Sunday, March 01, 2009

Ciah and Agosto


I stopped off in Bogor, and, having collected hospital receipts from tubercular Asep, took a walk through some woodland beyond Bogor Baru. There were clusters of dingy wooden houses, steep ascents and descents on narrow paths, smelly goats in wooden enclosures, clumps of bamboo and occasional clouds of mosquitoes. The people here looked undernourished and were dressed in patched and tattered clothing.

Outside a cobwebbed wooden hovel, shaded by dark trees, sat a middle-aged woman and a boy aged about twelve. They gave me a tired but friendly smile and, intrigued by their appearance, I decided to introduce myself. The woman, whose name was Ciah, was yellow skinned and had the shrivelled look of the poorest of the poor. The boy, called Agosto, had a purple scar on his thigh and a sad look on his face.

"What do you do for a living?" I asked Ciah.

"Wash clothes," she replied in a weary voice.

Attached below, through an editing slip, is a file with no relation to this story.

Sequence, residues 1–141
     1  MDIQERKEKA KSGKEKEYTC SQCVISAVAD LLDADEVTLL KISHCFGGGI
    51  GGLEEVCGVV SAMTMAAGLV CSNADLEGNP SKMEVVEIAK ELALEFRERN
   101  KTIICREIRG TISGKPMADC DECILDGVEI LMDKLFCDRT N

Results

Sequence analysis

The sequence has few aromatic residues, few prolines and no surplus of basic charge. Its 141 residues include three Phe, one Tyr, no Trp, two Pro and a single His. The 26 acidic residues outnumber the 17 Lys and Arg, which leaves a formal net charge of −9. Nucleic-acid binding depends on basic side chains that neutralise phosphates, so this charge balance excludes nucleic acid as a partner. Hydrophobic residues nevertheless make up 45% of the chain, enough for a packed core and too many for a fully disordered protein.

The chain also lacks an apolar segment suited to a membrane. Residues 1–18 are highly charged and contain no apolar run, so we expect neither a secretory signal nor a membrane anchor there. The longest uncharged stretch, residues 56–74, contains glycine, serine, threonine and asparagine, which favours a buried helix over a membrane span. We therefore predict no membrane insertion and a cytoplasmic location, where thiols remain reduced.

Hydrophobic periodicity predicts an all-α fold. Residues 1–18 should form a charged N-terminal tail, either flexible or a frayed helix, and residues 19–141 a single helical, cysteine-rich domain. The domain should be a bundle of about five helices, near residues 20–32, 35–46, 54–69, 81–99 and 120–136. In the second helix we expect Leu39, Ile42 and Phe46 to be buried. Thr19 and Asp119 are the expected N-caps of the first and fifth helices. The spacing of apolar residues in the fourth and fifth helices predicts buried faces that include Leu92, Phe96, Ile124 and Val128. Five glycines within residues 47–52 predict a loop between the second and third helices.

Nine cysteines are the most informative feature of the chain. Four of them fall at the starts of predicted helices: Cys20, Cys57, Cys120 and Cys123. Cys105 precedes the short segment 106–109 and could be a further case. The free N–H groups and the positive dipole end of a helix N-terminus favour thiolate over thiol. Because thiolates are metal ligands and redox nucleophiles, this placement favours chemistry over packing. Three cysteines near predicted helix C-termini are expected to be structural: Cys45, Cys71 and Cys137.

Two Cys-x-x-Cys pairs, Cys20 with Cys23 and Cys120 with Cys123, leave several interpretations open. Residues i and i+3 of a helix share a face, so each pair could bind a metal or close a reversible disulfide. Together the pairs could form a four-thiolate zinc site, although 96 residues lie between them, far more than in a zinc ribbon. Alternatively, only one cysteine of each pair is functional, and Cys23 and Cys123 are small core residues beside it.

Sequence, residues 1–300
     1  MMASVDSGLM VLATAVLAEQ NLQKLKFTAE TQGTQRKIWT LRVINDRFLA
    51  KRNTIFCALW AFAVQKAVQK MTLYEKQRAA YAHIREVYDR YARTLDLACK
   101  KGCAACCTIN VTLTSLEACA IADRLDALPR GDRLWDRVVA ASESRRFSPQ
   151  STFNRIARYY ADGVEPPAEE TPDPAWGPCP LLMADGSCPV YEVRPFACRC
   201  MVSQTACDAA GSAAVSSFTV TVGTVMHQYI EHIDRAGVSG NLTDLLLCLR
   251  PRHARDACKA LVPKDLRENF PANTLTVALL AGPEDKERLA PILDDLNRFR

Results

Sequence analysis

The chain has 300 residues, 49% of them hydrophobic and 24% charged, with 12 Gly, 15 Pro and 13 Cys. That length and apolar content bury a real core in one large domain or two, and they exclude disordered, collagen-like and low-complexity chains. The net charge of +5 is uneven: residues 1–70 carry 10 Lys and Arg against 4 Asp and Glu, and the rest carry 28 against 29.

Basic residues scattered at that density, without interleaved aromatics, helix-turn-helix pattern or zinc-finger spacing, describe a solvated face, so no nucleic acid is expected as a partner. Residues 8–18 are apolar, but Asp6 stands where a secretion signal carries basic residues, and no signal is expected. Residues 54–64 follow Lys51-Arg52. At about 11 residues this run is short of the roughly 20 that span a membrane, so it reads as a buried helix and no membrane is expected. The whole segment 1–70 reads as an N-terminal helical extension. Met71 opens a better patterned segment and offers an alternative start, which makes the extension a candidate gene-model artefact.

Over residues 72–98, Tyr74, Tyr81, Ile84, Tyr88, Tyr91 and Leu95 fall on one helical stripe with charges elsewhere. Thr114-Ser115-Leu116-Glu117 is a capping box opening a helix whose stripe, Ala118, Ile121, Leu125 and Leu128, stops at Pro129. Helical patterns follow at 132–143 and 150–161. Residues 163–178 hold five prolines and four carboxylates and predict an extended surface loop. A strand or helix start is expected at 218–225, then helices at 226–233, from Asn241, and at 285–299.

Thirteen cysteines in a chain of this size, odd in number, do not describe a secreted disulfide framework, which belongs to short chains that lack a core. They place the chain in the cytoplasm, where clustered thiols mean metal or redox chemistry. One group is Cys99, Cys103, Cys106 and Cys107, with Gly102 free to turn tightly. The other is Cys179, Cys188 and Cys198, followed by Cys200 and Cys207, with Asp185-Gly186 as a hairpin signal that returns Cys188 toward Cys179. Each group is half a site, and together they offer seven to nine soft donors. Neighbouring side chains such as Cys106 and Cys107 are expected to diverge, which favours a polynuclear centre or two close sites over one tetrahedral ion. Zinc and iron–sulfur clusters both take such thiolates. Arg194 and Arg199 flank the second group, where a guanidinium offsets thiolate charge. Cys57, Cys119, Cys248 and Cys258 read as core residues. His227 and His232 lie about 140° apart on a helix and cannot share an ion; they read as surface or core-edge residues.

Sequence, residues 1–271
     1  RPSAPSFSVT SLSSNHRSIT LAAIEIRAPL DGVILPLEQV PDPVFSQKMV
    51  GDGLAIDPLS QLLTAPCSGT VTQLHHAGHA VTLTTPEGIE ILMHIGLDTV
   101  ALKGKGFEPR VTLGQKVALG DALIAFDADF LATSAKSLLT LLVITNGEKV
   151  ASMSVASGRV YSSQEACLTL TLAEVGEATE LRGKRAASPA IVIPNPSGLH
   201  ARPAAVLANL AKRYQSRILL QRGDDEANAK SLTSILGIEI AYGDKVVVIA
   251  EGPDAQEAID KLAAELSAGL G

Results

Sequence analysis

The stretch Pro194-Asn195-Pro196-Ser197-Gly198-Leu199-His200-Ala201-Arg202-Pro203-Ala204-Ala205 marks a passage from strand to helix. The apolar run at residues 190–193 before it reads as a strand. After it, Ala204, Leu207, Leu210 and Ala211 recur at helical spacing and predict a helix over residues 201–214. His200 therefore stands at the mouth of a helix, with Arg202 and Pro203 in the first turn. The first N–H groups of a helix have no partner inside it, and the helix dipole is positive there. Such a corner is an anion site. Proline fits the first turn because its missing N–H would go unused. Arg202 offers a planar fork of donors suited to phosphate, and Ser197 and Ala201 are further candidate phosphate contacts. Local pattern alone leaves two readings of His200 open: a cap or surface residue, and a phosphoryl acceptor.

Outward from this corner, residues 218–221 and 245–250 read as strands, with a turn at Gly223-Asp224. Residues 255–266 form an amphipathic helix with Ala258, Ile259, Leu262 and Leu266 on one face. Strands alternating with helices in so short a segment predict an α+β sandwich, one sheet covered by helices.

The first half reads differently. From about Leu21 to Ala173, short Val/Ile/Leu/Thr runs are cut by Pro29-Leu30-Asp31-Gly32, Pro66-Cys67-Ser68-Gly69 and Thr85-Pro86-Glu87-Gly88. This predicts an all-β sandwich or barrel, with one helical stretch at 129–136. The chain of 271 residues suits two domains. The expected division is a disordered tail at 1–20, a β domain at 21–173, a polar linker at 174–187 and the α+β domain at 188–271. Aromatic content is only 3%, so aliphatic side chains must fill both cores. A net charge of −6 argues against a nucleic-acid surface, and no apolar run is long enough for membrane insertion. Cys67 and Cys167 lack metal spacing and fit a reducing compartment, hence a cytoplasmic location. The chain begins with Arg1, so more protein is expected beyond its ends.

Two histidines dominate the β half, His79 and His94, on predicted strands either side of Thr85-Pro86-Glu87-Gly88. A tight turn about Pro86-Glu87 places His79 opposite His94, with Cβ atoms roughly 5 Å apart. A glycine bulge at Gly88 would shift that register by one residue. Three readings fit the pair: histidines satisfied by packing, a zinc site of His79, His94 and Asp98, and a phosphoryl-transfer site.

"How much do you get?"

"About thirty thousand rupiahs a month." This was less than ten pounds sterling a month.

"Does you husband work in the fields?"

"My husband’s dead," she replied, smiling an embarrassed smile.

"My mother is sick," said Agosto.

"I get very tired," said Ciah.

When I suggested a trip to the hospital for a check-up, Ciah agreed immediately.

At the Menteng Hospital, the doctor diagnosed hepatitis and Ciah was admitted to the third class ward. Agosto sat by her bedside. He had a handsome little face but there was a look in his big dark eyes that spoke of lost hopes and despair. Not for him fishing trips with dad or games of football at school.

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